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Can some one please explain to me why electricity flowing though a copper coil generates a magnetic field or where I could possibly find that information? Are there other materials that produce a magnetic field when a current is run through them in a different shape? Thanks!

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Can some one please explain to me why electricity flowing though a copper coil generates a magnetic field or where I could possibly find that information?

An electric current (a flow of electric charge) has an associated magnetic field regardless of the material (or space) the flow occurs in. This is a fundamental part of electromagnetism, rooted in observation, and quantified in Ampere's Law.

I which to emphasize that this phenomenon is considered to be fundamental in nature, which means, there cannot be a "more" fundamental explanation (for, if there were, electromagnetism would not be fundamental).

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This is a very-basic question. There are lot more things to digest than just that in EM..! All because of Maxwell equations...

Both Electric & Magnetic fields are inter-dependent (i.e.) One field requires another (or) one field produces another. The phenomenon is called Electromagnetism. For example, consider an electric charge at rest (static). It produces an electric field. But when the charge is in motion (current), a magnetic field is produced perpendicular to its direction of propagation.

Say, If you pass current through a straight wire, magnetic field is formed around the wire in the form of circular rings (could affect compass or metal fillings nearby). On the other hand, you're passing current through a circular spring-like thing (commonly, a coil) called solenoid, magnetic field is produced along its axis. Simply you could keep in mind that Magnetic field is produced by moving charges (current). This is an observed phenomena and it's explained by Maxwell.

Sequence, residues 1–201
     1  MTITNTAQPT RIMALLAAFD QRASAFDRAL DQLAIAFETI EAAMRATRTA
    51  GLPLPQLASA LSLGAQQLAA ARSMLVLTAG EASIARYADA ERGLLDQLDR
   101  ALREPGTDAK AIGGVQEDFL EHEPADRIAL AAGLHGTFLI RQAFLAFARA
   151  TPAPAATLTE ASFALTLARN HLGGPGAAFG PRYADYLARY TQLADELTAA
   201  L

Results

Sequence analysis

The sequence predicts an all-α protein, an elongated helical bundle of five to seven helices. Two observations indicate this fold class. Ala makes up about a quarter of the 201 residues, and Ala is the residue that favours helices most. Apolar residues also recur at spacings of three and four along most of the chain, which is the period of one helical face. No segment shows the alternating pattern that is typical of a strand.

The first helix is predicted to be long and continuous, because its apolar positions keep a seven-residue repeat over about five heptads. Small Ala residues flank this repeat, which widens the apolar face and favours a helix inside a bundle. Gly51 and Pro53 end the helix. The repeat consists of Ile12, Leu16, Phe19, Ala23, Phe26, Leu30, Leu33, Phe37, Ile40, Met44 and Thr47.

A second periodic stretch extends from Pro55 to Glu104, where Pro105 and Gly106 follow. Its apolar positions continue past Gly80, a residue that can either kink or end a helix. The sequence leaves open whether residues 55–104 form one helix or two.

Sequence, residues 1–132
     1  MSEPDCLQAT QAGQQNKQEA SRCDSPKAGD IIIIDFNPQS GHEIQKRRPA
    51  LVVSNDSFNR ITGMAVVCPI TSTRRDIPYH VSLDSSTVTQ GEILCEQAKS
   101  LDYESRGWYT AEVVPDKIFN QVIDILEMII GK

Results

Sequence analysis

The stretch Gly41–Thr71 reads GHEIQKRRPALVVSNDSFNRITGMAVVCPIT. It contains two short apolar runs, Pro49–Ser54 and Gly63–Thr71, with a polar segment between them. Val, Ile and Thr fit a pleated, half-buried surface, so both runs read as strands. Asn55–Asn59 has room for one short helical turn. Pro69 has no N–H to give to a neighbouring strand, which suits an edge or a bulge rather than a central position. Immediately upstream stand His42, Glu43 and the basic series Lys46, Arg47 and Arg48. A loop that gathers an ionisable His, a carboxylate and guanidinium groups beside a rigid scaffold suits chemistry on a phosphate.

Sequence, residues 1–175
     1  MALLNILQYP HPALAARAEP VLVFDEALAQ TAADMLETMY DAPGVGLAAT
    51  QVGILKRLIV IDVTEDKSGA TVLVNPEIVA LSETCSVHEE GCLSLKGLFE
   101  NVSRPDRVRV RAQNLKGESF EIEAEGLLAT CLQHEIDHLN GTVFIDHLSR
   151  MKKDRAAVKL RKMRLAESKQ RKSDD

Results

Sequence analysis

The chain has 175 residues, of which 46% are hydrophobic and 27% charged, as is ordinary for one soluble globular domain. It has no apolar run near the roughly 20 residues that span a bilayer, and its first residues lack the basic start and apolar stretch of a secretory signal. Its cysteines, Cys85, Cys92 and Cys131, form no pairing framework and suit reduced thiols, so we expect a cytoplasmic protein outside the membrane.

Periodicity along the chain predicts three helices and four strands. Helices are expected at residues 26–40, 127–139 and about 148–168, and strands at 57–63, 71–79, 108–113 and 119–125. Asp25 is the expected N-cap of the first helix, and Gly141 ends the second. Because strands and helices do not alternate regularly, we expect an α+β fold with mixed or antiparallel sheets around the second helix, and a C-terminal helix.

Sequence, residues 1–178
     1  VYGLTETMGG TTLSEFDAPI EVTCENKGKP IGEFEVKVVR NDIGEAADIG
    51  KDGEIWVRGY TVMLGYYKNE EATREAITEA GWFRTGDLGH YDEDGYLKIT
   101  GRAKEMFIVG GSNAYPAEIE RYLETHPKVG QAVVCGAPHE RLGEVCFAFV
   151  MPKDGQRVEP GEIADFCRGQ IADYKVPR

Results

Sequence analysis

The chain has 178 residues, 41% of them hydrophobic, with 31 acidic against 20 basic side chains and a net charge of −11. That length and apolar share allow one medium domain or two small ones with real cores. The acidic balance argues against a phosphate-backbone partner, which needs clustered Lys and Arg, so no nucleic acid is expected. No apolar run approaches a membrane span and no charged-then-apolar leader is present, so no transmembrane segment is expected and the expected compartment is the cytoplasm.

Your last question is "Ok to ask"... Yes, there are a lot of materials (mostly metals) that produce magnetic field when current flows through them. But, Shape is not at all "a matter". It's whether there's a change in the fields that matters...

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  • $\begingroup$ There are probably more sites available for a basic understanding of EM which you could google. The first one is "Wikipedia"... $\endgroup$ – Waffle's Crazy Peanut Nov 4 '12 at 1:47
  • $\begingroup$ @Waffle'sCrazyPeanut, what do you mean by "very basic" question? $\endgroup$ – Pacerier Jan 19 '14 at 7:42
  • $\begingroup$ @Pacerier: I meant that the answer to such a question (interdependency of E&M) is the basic principle of electromagnetism. $\endgroup$ – Waffle's Crazy Peanut Jan 19 '14 at 8:02
  • $\begingroup$ "Copper" is not important hre. "Wire" is not important. It doesn't even have to be a "flow through a conductor" (for things we normally think of as conductors, anyway). The movement of electrons through a vacuum, such as the beam in a cathode ray tube, also generates a magnetic field. (In tv sets we use that property to focus and sweep the beam.) Heck, it doesn't even have to be electrons: The same thing happens with the beam of protons (positively charged) in a particle accelerator. As WCP said, it's the movement of charges that matters. $\endgroup$ – Jamie Hanrahan Sep 18 '16 at 19:23

protected by Community Apr 16 '14 at 18:13

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